Speech-language Newsletter

Articulation: Helping children become more intelligibile

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What is an Articulation Disorder? By Julie A. Daymut, M.A., CCC-SLP Super Duper Handouts

Speech sound production is a complex process that involves precise planning, coordination, and movement of different articulators (such as the jaw, lips, teeth, tongue, palate, cheeks, and “voice box”). Correct articulation produces clear speech. Another name for clear speech is intelligibility. Errors in speech sound production are known as articulation errors. Articulation errors are common in children when they first learn to speak.

An example of this is a toddler who says “wabbit” for “rabbit.” Most children eventually outgrow such speech errors, which are a normal part of learning to produce new sounds. (Note: Regional dialects, such as a “Boston /r/”, are not articulation errors.) When a child demonstrates articulation errors beyond those of typical development, he/she may need to see a speech-language pathologist (SLP). The SLP evaluates the type of error(s) the child is making and may develop an intervention or therapy plan. In speech/language sessions, the SLP teaches the child how to make the sound. He/she shows the child how to move the articulators, what type of sound it is (a “whistly” sound versus a “stop” sound, for example), and whether to turn voice on or off.

A child can make the following articulation errors when producing speech sounds: Substitutions, Omissions, Distortions, and/or Additions. An easy way to remember these is to use the acronym SODA!

S – Substitutions Definition: Replace one sound with another sound. Examples: “wed” for “red,” “thoap” for “soap,” “dut,” for “duck”

O – Omissions (also known as deletions) Definition: Omit a sound in a word. Note: This error affects intelligibility the most, making speech more difficult for the listener(s) to understand. Examples: “p ay the piano” for “play the piano”, “g een nake” for “green snake”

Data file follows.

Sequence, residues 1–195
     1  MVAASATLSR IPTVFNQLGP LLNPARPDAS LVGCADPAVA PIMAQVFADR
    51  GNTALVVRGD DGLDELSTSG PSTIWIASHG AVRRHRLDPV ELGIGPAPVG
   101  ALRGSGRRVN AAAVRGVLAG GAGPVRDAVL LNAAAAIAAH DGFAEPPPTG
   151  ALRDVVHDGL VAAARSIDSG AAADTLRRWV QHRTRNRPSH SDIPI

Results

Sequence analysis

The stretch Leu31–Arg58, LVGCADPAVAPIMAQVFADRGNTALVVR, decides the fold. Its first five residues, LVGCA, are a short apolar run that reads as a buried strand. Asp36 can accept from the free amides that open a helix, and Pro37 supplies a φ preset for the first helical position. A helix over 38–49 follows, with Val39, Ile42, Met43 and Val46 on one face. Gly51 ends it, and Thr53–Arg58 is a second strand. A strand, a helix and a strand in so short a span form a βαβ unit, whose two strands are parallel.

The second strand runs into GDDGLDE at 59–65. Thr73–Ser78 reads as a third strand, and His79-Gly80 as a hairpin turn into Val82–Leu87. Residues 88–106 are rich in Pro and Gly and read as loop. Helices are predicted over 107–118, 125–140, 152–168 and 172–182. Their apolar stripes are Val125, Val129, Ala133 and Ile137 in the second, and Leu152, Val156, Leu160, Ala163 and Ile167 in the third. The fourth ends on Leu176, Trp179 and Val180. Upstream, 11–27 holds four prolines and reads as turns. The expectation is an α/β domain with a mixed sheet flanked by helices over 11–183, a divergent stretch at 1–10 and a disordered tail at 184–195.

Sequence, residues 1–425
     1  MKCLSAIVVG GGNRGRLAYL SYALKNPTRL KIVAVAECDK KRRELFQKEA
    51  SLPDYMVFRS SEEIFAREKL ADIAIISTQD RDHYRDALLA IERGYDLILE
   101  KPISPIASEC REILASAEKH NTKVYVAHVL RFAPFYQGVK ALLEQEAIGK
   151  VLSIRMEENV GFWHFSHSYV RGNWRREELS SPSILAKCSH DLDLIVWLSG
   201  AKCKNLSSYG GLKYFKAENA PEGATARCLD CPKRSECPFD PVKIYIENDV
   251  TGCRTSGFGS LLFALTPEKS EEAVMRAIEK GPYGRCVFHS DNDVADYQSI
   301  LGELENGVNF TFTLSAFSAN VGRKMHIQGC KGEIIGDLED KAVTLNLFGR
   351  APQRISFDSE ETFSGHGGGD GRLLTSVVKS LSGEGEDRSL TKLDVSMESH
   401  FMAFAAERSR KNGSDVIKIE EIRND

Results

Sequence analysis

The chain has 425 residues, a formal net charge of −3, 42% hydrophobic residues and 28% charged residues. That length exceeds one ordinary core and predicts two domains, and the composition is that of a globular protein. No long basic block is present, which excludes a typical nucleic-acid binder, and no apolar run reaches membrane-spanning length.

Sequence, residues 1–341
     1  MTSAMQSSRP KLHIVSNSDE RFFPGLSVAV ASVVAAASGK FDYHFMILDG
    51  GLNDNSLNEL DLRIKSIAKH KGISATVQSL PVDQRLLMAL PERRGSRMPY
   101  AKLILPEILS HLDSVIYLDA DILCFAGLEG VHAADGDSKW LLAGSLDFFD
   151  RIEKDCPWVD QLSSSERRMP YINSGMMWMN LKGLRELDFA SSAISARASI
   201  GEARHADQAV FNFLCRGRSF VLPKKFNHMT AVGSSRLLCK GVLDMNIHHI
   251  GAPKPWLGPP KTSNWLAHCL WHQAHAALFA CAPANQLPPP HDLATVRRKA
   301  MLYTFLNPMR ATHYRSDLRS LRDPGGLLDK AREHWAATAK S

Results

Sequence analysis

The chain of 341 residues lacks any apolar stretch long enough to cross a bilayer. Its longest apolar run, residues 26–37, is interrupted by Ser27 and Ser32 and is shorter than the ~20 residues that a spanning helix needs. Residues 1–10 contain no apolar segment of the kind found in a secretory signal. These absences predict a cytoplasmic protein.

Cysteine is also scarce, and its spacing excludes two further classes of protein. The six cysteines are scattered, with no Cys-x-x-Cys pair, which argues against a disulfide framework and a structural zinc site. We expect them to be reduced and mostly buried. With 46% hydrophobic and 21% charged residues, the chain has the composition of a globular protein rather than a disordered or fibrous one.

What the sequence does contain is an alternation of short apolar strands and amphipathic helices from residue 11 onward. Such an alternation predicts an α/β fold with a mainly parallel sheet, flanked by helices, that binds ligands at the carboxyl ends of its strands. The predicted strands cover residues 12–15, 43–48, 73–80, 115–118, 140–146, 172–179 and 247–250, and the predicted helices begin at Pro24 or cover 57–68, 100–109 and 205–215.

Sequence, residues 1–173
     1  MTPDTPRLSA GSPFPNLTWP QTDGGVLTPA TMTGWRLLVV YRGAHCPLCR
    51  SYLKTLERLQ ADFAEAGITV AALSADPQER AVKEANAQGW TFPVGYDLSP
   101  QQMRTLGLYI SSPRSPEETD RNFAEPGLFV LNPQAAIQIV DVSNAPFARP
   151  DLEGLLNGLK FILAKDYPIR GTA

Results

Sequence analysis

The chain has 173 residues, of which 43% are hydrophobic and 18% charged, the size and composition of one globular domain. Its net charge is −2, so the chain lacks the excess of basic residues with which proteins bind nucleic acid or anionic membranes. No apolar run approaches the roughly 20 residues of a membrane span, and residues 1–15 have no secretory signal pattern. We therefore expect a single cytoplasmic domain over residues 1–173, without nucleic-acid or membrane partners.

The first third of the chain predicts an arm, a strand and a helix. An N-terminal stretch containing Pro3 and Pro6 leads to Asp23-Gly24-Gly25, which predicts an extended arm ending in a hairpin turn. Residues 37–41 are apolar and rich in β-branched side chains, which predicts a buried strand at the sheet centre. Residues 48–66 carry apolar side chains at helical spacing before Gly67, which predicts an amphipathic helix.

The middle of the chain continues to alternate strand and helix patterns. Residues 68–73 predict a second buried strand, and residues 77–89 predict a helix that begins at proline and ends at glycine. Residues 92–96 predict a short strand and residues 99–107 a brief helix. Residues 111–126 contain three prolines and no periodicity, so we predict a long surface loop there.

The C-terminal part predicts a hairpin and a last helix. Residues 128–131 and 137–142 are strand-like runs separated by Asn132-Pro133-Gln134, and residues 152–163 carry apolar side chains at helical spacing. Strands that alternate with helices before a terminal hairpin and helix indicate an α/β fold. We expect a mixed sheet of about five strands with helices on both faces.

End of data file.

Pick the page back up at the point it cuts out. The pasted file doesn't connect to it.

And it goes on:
D – Distortions Definition: Produce a sound in an unfamiliar manner. Examples: “pencil” (nasalized—sounds more like an “m”) for “pencil,” “sun” (lisped—sounds “slushy”) for “sun”

A – Additions Definition: Insert an extra sound within a word. Examples: “buhlack horse” for “black horse,” “doguh,” for “dog”

What causes articulation disorders?

For most children, the cause of the speech sound disorder in unknown. Other speech sound disorders can be linked to things such as a cleft palate, problems with the teeth, hearing loss, or difficulty controlling the movements of the mouth. Neurological disorders that can affect articulation include cerebral palsy.

  • Oral Apraxia: Difficulty making voluntary movements of the tongue and lips or with combining movements including those needed to make speech sounds. As a result, speech may be difficult to produce or have many inconsistent articulation errors.
  • Dysarthria: Paralysis, weakness or generally poor coordination of the muscles of the mouth. This can make speech slow, inaccurate, slurred, and/or hypernasal (when too much sound comes through the nose).
SPEECH: TH set 1
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Lindamood Bell's Lindamood Phoneme Sequencing® (LiPS®) program

Some of my students use The LiPS® program which teaches students to feel the actions of their lips, tongues and vocal chords, and to notice and label them. Sounds are introduced in pairs (Brothers) and labeled quiet or noisy, based on vibrations of the vocal cords. These sounds have names that help students remember the parts of the mouth that are used to produce the sounds.

Lip Poppers: p, b

Tongue Tappers: t, d

Tongue Scrapers: k, g

Lip Coolers: f, v

Tongue Coolers: th, th

Skinny Air: s, z

Fat Air: sh, zh

Fat-pushed Air: ch, j

5 Minute Kids

5 Minute Kids™ is a program developed by Susan Sexton, a retired speech language pathologist from Lapeer County Schools, Michigan, to help children with speech sound disorders. The intent of this program is to minimize the amount of time that a child spends out of the classroom, and to improve the quality of time that the child spends working on individual speech sounds in therapy. A student enrolled in the 5 Minute Kids™ program receives individual therapy for five to seven minute sessions, two to four times per week.
Hand Cue Sound Matching app

Practice Articulation at Home

Using flashcards can make practicing your speech very enjoyable. If your child is able to produce his sound correctly 40% or more of the time in single words, practicing at home will be beneficial. Find 20 robust vocabulary words from your curriculum that contain your sound. Write each word from that list on two 3x5 cards. Make sure that your child is able to read the words. Practice saying your words with these games: